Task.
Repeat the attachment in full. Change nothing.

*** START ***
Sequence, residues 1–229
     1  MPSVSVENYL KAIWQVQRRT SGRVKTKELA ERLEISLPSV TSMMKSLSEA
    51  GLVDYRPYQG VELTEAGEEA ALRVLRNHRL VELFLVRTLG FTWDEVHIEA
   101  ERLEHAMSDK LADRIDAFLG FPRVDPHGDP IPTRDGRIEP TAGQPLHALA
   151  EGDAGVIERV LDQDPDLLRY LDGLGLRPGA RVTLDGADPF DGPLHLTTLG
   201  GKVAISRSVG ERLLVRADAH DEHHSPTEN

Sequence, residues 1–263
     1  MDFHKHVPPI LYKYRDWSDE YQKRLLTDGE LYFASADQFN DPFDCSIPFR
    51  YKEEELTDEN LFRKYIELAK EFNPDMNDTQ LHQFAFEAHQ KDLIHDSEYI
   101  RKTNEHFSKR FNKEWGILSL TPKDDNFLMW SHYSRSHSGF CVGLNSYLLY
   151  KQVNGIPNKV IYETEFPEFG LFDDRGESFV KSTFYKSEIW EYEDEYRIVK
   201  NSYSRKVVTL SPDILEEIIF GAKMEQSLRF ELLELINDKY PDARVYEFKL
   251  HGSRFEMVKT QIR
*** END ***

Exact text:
Sequence, residues 1–229
     1  MPSVSVENYL KAIWQVQRRT SGRVKTKELA ERLEISLPSV TSMMKSLSEA
    51  GLVDYRPYQG VELTEAGEEA ALRVLRNHRL VELFLVRTLG FTWDEVHIEA
   101  ERLEHAMSDK LADRIDAFLG FPRVDPHGDP IPTRDGRIEP TAGQPLHALA
   151  EGDAGVIERV LDQDPDLLRY LDGLGLRPGA RVTLDGADPF DGPLHLTTLG
   201  GKVAISRSVG ERLLVRADAH DEHHSPTEN

Sequence, residues 1–263
     1  MDFHKHVPPI LYKYRDWSDE YQKRLLTDGE LYFASADQFN DPFDCSIPFR
    51  YKEEELTDEN LFRKYIELAK EFNPDMNDTQ LHQFAFEAHQ KDLIHDSEYI
   101  RKTNEHFSKR FNKEWGILSL TPKDDNFLMW SHYSRSHSGF CVGLNSYLLY
   151  KQVNGIPNKV IYETEFPEFG LFDDRGESFV KSTFYKSEIW EYEDEYRIVK
   201  NSYSRKVVTL SPDILEEIIF GAKMEQSLRF ELLELINDKY PDARVYEFKL
   251  HGSRFEMVKT QIR